Posts Tagged ‘thinking’

Eggs, rabbits and thinking

Whether or not you celebrate Easter, it gives another opportunity – during what is for most of us, a hectic schedule – to slow down for a bit and take some time out to think.  It’s only thinking that allows us to see the trends emerging, notice patterns and formulate ideas.  It’s only thinking that allows us to work out how to properly implement those ideas, see problems clearly and develop proper solutions.  Of course much of this thinking is also effective when done with others – more so if you are more inclined to be an extrovert.  But for everyone, and introverts in particular, a chance to think quietly is precious and productive.

So this Easter, allow yourself some time to just think. If the Easter bunny visits you – enjoy!  And if you celebrate Easter, may it be a spiritually reflective and ultimately joyful time.

Jenni specializes in strategic thinking for better decisions and business success.  She offers a free report about how to be a strategic thinker, and other resources, at

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Is Culture more important than Strategy?

I’ve read this so often lately I feel compelled to comment. I’m not sure whose behind this – consultants who haven’t had much luck getting clients to develop and implement strategy successfully? Tertiary institutions with money for research on organization culture? Whatever the cause, it smacks of a new fad to me. And what’s the bet a whole lot of organizations will get conned to start analysing their culture (using a consultant with a new ‘tool’ of course) to find out how they can be more successful? Don’t fall for it!!

Developing and implementing strategy can be tricky, it’s true. And it requires that tedious and exhausting task called Thinking! No time for that of course. No time to think about what’s changing out there, or what should be changing in here. No time to get the team on board. No time to properly implement. No wonder strategy failed!

So is culture the panacea? If we know our culture, can we play to its strengths and use that as our competitive advantage? Sounds much easier that all that strategic thinking. Just tap into what’s already there and hey presto! Success will come.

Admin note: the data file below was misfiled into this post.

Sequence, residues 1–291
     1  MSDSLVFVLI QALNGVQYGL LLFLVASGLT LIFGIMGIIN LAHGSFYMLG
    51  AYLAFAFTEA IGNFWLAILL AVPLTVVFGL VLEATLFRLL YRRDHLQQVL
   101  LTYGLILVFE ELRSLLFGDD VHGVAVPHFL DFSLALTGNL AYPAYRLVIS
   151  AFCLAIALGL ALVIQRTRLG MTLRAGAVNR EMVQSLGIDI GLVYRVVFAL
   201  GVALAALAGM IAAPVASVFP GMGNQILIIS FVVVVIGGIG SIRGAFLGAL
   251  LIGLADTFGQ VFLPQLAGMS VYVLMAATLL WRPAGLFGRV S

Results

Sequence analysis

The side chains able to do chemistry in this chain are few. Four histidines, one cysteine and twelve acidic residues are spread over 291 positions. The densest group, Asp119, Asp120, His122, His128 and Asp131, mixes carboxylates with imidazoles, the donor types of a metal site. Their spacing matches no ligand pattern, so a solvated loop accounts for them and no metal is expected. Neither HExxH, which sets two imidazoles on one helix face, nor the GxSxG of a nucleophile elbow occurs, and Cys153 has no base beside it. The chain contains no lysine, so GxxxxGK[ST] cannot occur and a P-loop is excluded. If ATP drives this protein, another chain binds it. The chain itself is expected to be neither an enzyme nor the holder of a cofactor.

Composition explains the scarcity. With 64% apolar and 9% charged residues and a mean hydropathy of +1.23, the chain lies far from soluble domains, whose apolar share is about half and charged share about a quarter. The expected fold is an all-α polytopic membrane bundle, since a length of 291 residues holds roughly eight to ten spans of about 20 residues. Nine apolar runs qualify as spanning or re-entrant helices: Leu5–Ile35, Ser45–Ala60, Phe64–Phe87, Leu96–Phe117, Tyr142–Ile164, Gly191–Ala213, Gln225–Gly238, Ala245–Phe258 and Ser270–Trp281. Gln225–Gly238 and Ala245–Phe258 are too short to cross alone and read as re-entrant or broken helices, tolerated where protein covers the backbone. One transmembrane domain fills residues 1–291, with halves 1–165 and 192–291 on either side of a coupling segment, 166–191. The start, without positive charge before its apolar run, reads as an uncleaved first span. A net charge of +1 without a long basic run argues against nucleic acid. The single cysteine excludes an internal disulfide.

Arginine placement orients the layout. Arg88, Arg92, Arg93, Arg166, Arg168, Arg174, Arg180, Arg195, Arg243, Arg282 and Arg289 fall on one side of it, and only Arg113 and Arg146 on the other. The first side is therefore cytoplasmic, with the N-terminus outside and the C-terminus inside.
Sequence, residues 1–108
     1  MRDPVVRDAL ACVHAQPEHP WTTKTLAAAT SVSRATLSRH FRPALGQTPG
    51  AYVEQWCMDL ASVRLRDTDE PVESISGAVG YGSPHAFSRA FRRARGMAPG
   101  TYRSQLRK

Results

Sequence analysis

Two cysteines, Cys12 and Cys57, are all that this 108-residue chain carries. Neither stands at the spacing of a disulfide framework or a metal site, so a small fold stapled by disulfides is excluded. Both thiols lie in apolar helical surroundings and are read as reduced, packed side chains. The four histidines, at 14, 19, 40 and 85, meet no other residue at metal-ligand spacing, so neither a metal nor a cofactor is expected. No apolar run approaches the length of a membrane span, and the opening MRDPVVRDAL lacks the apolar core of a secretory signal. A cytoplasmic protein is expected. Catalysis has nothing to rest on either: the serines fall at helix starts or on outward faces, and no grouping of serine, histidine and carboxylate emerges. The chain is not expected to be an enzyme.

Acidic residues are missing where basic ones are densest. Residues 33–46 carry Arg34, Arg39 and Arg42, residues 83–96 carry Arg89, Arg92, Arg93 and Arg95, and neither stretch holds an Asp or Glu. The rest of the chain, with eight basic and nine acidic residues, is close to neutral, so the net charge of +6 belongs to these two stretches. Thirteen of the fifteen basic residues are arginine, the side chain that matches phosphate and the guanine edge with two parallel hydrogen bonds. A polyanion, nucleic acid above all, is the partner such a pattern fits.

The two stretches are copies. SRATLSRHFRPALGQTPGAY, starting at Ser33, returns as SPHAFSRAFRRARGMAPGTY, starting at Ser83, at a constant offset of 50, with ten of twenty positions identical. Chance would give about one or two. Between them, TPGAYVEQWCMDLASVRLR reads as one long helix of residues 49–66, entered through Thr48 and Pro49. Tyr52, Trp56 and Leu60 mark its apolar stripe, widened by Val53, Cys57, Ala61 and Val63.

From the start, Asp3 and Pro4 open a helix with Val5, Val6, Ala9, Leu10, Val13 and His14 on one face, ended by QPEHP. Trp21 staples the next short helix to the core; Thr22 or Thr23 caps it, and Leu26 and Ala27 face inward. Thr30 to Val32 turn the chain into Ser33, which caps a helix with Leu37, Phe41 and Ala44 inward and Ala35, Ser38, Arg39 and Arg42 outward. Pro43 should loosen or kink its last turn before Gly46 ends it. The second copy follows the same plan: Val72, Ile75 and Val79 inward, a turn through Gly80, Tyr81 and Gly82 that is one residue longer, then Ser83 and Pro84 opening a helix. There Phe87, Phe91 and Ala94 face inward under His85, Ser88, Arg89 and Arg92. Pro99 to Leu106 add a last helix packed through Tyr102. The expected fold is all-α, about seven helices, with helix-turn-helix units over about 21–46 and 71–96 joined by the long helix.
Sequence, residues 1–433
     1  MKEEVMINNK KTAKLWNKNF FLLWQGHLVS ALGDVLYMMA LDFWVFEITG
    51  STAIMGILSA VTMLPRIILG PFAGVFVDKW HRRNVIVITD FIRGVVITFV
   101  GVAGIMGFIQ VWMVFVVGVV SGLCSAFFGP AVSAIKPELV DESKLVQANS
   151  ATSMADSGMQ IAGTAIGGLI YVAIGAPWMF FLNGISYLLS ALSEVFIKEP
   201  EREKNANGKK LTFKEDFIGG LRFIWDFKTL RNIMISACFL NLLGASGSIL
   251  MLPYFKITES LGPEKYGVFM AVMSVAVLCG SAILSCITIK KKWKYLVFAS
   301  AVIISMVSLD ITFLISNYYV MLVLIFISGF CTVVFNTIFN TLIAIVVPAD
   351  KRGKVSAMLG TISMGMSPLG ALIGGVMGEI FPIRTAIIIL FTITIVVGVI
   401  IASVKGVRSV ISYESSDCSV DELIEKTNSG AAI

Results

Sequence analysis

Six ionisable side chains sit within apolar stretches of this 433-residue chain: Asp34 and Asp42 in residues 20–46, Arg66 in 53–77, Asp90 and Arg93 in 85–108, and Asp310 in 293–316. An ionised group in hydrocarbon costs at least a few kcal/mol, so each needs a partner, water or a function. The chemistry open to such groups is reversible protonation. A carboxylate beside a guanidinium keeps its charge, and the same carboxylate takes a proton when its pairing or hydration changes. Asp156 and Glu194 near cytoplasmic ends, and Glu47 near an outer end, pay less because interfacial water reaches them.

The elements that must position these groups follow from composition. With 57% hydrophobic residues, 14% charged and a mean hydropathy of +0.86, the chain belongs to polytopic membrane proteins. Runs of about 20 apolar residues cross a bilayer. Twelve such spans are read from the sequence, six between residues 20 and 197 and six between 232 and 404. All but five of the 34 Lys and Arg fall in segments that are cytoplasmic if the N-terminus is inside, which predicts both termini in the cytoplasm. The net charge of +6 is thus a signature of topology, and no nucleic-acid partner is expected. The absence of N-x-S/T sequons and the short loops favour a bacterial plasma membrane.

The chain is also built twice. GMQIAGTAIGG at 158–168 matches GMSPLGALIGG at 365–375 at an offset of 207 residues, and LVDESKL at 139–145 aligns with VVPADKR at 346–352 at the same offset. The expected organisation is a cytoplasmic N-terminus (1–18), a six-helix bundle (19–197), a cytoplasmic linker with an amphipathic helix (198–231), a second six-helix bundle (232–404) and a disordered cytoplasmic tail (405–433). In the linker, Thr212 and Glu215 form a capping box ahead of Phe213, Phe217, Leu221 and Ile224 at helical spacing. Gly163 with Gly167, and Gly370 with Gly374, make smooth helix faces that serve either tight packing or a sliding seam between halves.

Well…..maybe.  If the strengths of your culture are likely to achieve your long term goals. Or if you can alter your business focus and goals to suit your culture (do I hear “forget the customer, let’s do what we like doing” about now?)

Yes it all sounds marvellous doesn’t it? Problem is that it’s hit and miss whether your existing culture will deliver success. After all, if that’s the case, shouldn’t you already be wildly successful?  Hmmm – slight problem.

Here’s an idea though – how about figuring out what type of culture WILL deliver on your long term goals? Then set about developing that. Gosh – sounds like Strategy to me.

Get a free report that clearly shows you how to be a strategic thinker at

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Do they want a job – really?

A friend was telling me today that he met a young man who queued for two hours to apply for a job at a new supermarket. This young man was amazed that people behind him in the queue, who also waited two hours, were in torn singlets and barefeet. “Were they serious?”, he asked.

I have been amazed myself at the non-chalant attitude I have struck when handling recruitment for my clients. A recent experience was a young woman apparently very keen on the role, only to phone 15 minutes before her interview to advise that she had forgotten she had a medical appointment. We rescheduled and interviewed her. To be honest she was a good fit for the role but after waiting a week for her to get back with her referee information we gave the role to someone else. I’m sure anyone who has recruited for long can come up with their own stories.

So do these people really want a job? I believe they do. I just think they haven’t made the conceptual connections between their own behaviour and their likelihood of getting a job. Call it lack of maturity or self-centredness. Either way, it’s a lack of thinking.

It is similar to people in organisations who do things that are completely the opposite of what needs to be done for that organisation to achieve its strategies. Somehow they don’t make the connection between their day to day decisions and processes, and the longer term outcomes for the organisation.

It’s really important to develop strategical savvy, so that you can make those linkages and show to your boss that you understand the impact you have on her/his bottom line and strategic success.

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